A conservation station
Cabin donated to Webster County Fairgrounds
There is a new addition to the Webster County Fairgrounds.
Settled near the wooded area just east of the auditorium is a log cabin. The log cabin was donated to the Webster County Fairgrounds by Webster County Conservation on Tuesday.
The cabin has been at the campgrounds at John F. Kennedy Memorial Park north of Fort Dodge since 2008.
Cody Peterson, operation supervisor at Webster County Conservation, said the cabin was built in 2007 by the Iowa Central Community College carpentry program.
“It is made from Iowa-grown white oak logs. We bought the logs and construction materials and Iowa Central donated the labor,” said Peterson. “We then hauled it out in 2008 to Kennedy Park and placed it in the campground.”
The cabin has been rented out for the last 12 years, but was no longer fitting the need for the campgrounds.
“It has done well for us,” said Peterson. “We just noticed a shift of people wanting their own bathrooms and water — a more fancier, glamping type of experience.”
Peterson said they are considering replacing the cabin with another yurt, but in the meantime Webster County Conservation is glad the cabin has a new home.
“We are happy to find a good home for it,” he said. “This worked out well to donate this to them.”
Cory Krug, Webster County Fair Board president, said he is excited to have the new addition to not only the Webster County Fair, but to the fairgrounds, as he hopes it can be utilized for more than just the one week the fair is held.
Krug said when the conversations began about the opportunity, Webster County Conservation leaders said they would like a better presence during the Webster County Fair.
“The cabin makes a good fit for that,” he said. “During the fair, there will be a lot of exhibits set up around and inside of it.”
Peterson said Webster County Conservation has two naturalists who will be heading up the educational and recreational activities at the fair each year.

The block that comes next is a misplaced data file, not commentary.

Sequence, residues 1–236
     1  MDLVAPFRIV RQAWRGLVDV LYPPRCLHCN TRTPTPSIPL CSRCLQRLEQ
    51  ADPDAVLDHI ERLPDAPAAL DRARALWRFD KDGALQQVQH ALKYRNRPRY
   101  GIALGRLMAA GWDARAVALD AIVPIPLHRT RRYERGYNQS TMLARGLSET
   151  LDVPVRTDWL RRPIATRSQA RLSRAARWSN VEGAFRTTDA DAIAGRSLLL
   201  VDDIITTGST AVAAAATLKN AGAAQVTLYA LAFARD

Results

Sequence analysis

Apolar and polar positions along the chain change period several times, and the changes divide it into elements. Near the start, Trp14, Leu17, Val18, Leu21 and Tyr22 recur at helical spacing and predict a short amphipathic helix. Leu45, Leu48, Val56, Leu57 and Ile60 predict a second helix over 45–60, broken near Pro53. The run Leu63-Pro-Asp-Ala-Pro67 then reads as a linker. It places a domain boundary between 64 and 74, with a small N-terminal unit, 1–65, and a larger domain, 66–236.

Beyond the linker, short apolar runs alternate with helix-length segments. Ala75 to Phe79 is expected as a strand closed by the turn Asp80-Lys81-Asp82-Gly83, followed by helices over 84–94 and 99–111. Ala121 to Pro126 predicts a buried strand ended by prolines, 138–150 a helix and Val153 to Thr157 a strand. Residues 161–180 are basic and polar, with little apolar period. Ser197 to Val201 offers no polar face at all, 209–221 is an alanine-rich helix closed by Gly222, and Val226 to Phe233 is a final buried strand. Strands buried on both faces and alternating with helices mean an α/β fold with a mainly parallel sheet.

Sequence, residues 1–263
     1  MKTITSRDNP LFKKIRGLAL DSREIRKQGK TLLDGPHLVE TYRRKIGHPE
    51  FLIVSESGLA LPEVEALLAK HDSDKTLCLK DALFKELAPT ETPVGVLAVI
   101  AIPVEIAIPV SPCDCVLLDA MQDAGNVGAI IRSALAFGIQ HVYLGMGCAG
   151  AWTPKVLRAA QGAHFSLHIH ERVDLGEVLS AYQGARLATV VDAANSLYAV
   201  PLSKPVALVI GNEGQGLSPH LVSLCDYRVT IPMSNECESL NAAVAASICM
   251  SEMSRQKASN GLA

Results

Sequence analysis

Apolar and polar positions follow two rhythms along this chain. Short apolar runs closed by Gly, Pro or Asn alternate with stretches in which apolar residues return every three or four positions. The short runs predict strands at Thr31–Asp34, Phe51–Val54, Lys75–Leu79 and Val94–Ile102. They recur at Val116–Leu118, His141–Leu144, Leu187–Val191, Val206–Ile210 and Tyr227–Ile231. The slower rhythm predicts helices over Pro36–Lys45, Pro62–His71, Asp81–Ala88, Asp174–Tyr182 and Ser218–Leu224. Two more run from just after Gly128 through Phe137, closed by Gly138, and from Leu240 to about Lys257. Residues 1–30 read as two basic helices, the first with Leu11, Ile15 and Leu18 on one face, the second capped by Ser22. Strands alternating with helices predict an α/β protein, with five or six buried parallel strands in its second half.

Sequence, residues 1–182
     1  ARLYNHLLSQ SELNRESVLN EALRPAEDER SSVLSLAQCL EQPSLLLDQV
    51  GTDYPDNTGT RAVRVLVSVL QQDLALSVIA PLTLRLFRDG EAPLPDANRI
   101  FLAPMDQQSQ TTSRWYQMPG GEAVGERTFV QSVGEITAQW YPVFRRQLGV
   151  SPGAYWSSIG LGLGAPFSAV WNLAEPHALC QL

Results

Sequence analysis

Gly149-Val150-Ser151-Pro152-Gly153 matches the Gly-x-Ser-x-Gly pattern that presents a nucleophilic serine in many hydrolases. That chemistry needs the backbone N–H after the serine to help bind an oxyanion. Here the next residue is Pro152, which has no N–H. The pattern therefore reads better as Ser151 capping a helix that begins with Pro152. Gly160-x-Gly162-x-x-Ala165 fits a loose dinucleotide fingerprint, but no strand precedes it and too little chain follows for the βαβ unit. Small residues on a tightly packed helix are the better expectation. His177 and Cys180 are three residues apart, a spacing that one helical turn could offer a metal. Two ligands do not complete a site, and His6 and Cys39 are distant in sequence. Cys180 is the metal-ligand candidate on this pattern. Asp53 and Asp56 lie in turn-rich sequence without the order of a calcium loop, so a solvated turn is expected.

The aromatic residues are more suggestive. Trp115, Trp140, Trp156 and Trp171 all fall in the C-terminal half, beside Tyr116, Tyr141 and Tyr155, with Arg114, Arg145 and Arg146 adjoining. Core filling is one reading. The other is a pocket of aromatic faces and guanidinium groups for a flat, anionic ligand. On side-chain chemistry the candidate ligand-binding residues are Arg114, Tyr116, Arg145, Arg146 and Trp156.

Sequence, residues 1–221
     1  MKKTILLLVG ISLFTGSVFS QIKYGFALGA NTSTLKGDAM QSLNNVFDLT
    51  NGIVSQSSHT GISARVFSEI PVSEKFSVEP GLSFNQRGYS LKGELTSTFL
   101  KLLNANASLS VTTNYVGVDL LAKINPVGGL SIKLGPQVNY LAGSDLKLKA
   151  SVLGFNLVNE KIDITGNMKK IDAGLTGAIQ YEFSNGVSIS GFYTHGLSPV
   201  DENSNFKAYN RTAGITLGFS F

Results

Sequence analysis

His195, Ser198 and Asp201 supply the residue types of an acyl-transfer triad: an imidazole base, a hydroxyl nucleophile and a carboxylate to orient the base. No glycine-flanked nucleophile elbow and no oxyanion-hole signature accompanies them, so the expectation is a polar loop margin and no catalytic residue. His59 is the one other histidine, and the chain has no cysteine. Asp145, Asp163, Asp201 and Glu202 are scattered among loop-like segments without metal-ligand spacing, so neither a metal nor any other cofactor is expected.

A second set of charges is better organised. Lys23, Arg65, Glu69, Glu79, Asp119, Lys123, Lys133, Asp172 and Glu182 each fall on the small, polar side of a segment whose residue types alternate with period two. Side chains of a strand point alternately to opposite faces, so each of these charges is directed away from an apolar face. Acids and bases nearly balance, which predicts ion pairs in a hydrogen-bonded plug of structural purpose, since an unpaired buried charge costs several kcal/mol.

“The fair is growing every year by quite a bit,” he said. “We want to be out here and help educate.”
Education will revolve around everything from natural resources to outdoor recreational activities that Webster County has to offer.
Krug said all of those types of details and more are still being ironed out.
The cabin will possibly be available as a rental unit during the off-fair season.
“It is possible we will have camp stalls on the side and then people can do a camp with a cabin,” he said. “It will probably get a lot of the similar use it did at Kennedy in the off-season, then for a week during the fair it will be converted over.”
The donation of the cabin leaves Krug hopeful for more of a relationship with Webster County Conservation.
“We placed the cabin in that spot to be able to develop the area for more of a nature experience,” he said. “It’s a natural low lying wetland. We are hoping for help with some trails, not only for the people using the cabin, but for the local community to come out to enjoy.”
There is a little work the Fair Board is planning on doing to the cabin.
“We will run power to it –it’s an air conditioned and heated facility,” he said. “We will put a deck on the front with an overhang on the porch. That will help to expand some of the display.”
Krug added he is thankful for the developing relationship with Webster County Conservation.
“We take great pride in any partnership we can get within the community,” he said. “That is what the fair is all about – educating everybody about the great things about Webster County and what we have. Whether it is a conservation resource or a vendor that comes to show what they do in the county. The cabin is another opportunity for people to come out and educate themselves when they come out to the Webster County Fair.”